Mesotrophic Lake
Lake with a moderate nutrient supply. Also see eutrophic lake and oligotrophic lake.
Geologic era that occurred from 245 to 65 million years ago.
Describes all of the enzymatic reactions performed by the cells of an organism.
Metamorphic Rock
A rock that forms from the recrystallization of igneous, sedimentary or other metamorphic rocks through pressure increase, temperature rise, or chemical alteration.
Process that creates metamorphic rocks.
Metasomatic Metamorphism
Form of metamorphism that causes the chemical replacement of elements in rock minerals when gases and liquids permeate into bedrock.
A body of matter that enters the Earth's atmosphere from space. While traveling through the atmosphere, these objects begin to burn because of friction and are sometimes seen as luminous streaks in the sky by ground observers. Many of these objects burn up completely and never reach the Earth's surface.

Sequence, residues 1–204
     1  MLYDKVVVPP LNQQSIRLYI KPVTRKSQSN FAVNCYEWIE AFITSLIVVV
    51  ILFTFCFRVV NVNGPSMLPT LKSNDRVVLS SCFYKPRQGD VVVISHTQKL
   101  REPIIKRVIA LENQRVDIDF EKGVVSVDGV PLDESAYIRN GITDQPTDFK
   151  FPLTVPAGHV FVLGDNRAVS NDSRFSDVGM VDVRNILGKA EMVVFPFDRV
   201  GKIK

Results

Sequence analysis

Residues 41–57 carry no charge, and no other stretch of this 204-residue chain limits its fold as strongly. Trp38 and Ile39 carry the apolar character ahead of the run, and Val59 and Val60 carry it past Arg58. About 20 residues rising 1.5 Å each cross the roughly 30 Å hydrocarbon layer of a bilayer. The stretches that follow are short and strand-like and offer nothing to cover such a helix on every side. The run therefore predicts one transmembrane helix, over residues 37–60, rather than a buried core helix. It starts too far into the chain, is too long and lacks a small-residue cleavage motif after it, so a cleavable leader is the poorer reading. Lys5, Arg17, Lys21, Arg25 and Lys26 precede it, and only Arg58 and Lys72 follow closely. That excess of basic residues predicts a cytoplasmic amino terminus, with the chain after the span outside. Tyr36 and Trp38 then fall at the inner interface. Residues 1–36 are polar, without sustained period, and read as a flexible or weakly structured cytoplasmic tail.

The scientific study of the atmosphere and its associated phenomena.
Methane is very strong greenhouse gas found in the atmosphere. Methane concentrations in the atmosphere have increased by more than 140% since 1750. The primary sources for the additional methane added to the atmosphere (in order of importance) are: rice cultivation, domestic grazing animals, termites, landfills, coal mining, and oil and gas extraction. Chemical formula for methane is CH4.
Silicate mineral that exhibits a platy crystal structure and perfect cleavage. Common forms of mica are biotite and muscovite.
Nutritional element required by an organism in relatively very small quantities.
Extremely small organism that can only be seen using a microscope.
Microwave Radiation
Form of electromagnetic radiation with a wavelength between 0.1 to 100 centimeters.
Mid-Latitude Cyclone